Strolling residence from campus, I used to be randomly assaulted by a stranger who had a gun. He ended up beating me with that gun, and I suffered a mind damage and non permanent listening to loss. 

Within the aftermath of that incident, as I used to be being handled by a medical employee — and visibly injured in a state of trauma — a police officer requested me whether or not, in the event that they caught the individual, I want to press fees. On reflection, I believe it was inappropriate to ask that of somebody experiencing such obvious misery. 

In the event that they discover this individual, do I would like them to go to jail?… and the reply for me is, no.”

In that second, what I wanted was trauma care. I wanted medical care and psychological first assist. And as an alternative, the officer was fascinated by quotas and making an attempt to provide the outcomes that our policing and jail system incentivizes.

It took me a really very long time to really feel OK shifting on the earth once more and to not concern being in a public house; for some time, commuting to campus was onerous. And despite the fact that I wouldn’t want this sort of expertise on anybody, that second has been transformative for me. It has actually formed my worldview.

I’ve a gorgeous community of mates on and off campus who supported me by means of that course of to show it right into a productive introspection of myself and my values. I posed inquiries to myself like: How does this modification the way in which that I transfer on the earth? What do I consider would actually heal me? How can we stop hurt and transfer by means of restorative processes?

In the event that they discover this individual, do I would like them to go to jail? I chewed on that query lots, and the reply for me is, no.

I’d not discover any decision or therapeutic in that. Human caging doesn’t heal individuals who trigger hurt. Since that incident, I’ve additionally noticed that our criminal-legal system doesn’t middle victims or survivors and doesn’t do a great job of taking good care of individuals who have skilled hurt.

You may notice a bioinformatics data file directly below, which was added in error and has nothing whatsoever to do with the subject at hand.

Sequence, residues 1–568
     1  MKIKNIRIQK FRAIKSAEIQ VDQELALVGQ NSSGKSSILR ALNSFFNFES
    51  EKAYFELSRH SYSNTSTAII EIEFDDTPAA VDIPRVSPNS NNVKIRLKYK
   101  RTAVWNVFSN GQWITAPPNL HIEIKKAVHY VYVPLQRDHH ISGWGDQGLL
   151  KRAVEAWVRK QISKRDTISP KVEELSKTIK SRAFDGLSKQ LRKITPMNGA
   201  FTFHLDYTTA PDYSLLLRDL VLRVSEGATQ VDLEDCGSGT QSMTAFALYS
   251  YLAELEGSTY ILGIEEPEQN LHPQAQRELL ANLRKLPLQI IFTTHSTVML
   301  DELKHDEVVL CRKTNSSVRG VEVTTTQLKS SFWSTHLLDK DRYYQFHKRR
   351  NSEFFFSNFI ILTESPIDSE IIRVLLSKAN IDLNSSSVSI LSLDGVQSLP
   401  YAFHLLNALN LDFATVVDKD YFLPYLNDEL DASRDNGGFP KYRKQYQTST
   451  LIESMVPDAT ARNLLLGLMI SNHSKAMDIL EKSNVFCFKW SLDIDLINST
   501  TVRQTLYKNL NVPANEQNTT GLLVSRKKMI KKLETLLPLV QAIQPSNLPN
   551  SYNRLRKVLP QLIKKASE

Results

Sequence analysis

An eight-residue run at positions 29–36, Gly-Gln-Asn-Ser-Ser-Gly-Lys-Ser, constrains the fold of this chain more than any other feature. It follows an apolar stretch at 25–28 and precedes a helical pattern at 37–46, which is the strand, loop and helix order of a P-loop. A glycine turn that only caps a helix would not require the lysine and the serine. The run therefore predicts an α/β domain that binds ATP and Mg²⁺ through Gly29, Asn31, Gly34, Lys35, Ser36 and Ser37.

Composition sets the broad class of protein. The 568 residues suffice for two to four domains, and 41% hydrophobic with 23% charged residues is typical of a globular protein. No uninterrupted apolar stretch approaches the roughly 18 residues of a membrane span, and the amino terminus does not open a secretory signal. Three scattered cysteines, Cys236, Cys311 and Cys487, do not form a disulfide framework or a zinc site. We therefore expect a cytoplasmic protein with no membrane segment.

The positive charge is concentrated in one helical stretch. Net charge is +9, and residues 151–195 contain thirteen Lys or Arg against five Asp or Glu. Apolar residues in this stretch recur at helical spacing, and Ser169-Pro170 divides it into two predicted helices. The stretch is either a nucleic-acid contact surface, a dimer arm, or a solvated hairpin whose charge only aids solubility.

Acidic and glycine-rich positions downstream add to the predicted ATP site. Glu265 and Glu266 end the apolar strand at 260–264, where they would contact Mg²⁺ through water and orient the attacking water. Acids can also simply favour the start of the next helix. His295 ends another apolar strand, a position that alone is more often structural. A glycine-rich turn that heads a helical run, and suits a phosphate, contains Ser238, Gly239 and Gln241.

The policing is the main target, and the neighborhood and its people have turn out to be secondary. If we deal with incarcerating individuals, we lose out on victim-centered care and on the likelihood for actual restoration of neighborhood security and relationships. And I want to discover methods for incarceration to not be “the reply.”

beds lined up in a big room in an overcrowded california prison

“If we deal with incarcerating individuals, we lose out on victim-centered care and on the likelihood for actual restoration of neighborhood security and relationships,” mentioned Andrews. (Picture by California Division of Corrections and Rehabilitation/through Wikimedia Commons)

As a member of the IAB on campus, I come at this work from a want to make our communities deeply secure in ways in which don’t contain punishment, surveillance and policing. As an alternative, we have to actually spend money on individuals, as a result of I believe the one that harmed me was a misplaced teenager who wanted greater than he was being given. 

I’m excited that the IAB is working in partnership with some campus workplaces to vary psychological well being care and disaster response, fundamental wants safety sources, narratives about what security is, and campus assist for individuals who have been harmed by violence, whether or not that’s by the hands of police or others.

Proper now, the police examine themselves, and I believe that’s ridiculous. We can be shifting that course of out of the police’s jurisdiction into a distinct workplace so that individuals get a level of accountability and follow-up for the complaints that they might file for police conduct.